By Reggie Paulk
On Feb. 7, the Denver Metro Chamber of Commerce and Junior Achievement-Rocky Mountain Inc. inducted five outstanding businessmen, including two aviation entrepreneurs, into the Colorado Business Hall of Fame. The five men selected were Louis “Lou” Clinton Jr., founder of Clinton Aviation; Samuel D. Addoms, founder of Frontier Airlines; William Volbracht, founder of Land Title Guarantee Company; Harry Frampton III, former president of Vail Associates; and J.K. Mullen, founder of J.K. Mullen and Company flour mills.
“These individuals are shining examples of the entrepreneurial spirit and dedication required to become a successful business leader in Colorado,” said John Ikard, chairman of the Denver Metro Chamber of Commerce Board of Directors. “The example they’ve set will undoubtedly be modeled by generations to come.”
Robin Wise, president and CEO of Junior Achievement-Rocky Mountain Inc., said each of the individuals’ contributions to Colorado underscore the importance and value of the free enterprise system.
“This honor serves as a true testament to not only their vision, but their character as well,” Wise said.
Anyone who flies in or around the Denver metro area knows Centennial Airport. What many may not know is that Lou Clinton played a pivotal role in establishing the airport. In the 1960s, Clinton, already a successful fixed base operator running out of Stapleton Airport, teamed up with George Wallace, founder of the Denver Tech Center, to bring a state-of-the-art fixed base operation to the fledgling Arapahoe County Airport. Primarily due to their efforts, Arapahoe County Airport—now Centennial Airport—opened its doors in 1968.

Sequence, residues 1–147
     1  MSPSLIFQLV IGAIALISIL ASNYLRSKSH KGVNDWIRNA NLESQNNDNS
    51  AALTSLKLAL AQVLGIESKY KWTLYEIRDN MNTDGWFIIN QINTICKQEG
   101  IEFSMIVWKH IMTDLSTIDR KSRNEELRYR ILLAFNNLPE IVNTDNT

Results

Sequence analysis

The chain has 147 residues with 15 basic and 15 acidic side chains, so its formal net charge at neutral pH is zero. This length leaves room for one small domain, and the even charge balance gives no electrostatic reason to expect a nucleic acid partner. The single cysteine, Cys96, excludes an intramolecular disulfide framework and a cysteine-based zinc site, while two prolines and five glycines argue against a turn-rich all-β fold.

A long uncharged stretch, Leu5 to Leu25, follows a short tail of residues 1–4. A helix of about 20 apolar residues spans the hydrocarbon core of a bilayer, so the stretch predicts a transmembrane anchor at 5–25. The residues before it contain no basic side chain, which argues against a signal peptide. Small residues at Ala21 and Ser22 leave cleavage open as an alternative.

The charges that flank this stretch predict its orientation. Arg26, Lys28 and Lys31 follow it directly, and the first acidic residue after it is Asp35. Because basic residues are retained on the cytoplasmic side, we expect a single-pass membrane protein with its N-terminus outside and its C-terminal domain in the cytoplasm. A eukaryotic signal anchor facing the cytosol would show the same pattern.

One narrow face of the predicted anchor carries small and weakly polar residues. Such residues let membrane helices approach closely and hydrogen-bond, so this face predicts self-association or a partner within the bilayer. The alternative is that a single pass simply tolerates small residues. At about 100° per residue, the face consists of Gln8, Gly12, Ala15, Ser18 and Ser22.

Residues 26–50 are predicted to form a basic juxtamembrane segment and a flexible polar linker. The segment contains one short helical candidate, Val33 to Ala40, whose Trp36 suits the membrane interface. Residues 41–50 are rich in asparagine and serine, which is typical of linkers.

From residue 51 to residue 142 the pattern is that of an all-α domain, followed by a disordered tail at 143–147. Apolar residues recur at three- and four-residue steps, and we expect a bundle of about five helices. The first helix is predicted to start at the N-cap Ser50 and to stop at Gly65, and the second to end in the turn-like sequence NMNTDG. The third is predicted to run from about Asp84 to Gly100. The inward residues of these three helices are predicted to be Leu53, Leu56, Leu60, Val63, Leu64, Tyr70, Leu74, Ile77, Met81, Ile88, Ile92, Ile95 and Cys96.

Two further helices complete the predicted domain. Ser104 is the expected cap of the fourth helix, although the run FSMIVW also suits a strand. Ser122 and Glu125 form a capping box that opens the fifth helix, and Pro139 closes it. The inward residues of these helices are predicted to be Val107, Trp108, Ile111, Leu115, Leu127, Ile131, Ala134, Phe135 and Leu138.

Today, Centennial Airport ranks among the top 25 busiest airports in the nation. Among general aviation airports, it’s the third busiest airport in the nation. And it’s due to a man with a vision and the courage to see that vision become reality.
Among Clinton’s friends at the ceremony were three fellow Colorado Aviation Hall of Fame inductees who know Clinton well: Emily Howell Warner, Ed Mehlin and Nick Nichols. All three honored Clinton in video tributes.
Emily Howell Warner was the first female captain of a U.S. scheduled airline (Frontier), as well as the first woman to become a captain at a commercial airline. Her first uniform now hangs in the Smithsonian National Air and Space Museum in Washington, D.C. Warner got her start in aviation at Clinton Aviation, where she learned to fly and later taught others.
“I really owe it all to Clinton Aviation and the opportunities it gave me along the way,” she said of her distinguished career.
She recalled the passion Clinton had for aviation.
“He was very caring about his employees, the company and his customers,” she said. “It was a happy company.”
Ed Mehlin’s 18,000 flight hours have involved him with nearly every major aviation enterprise in Colorado. Now a salesman for Centennial Airport-based Aviation Sales Inc., Mehlin worked for Clinton in the 1960s. He moved with the company to Centennial Airport in 1968, staying with Clinton until he retired in 1976 and sold Clinton Aviation.
He recalled that Cessna handpicked Clinton to be its first distributor. Clinton Aviation responded by becoming the best-selling Cessna dealership in the world at one time.
Nick Nichols worked for Clinton Aviation for 30 years as a mechanic and salesman. His memory of the grand opening of the Arapahoe Country Airport reveals how much has changed in the 50 years that have passed.
“I think we had more jackrabbits and antelope out there then we had customers,” he said. “The opening day was on Mother’s Day. Cars lined up from the Brown Palace all the way down Highway 25 to Arapahoe Road to come down and watch the crowd.”
Clinton’s video-recorded recollection of the opening made the crowd laugh.
“It was a great publicity stunt!” he said. “Everybody wondered where all the other people were going, so they followed each other.”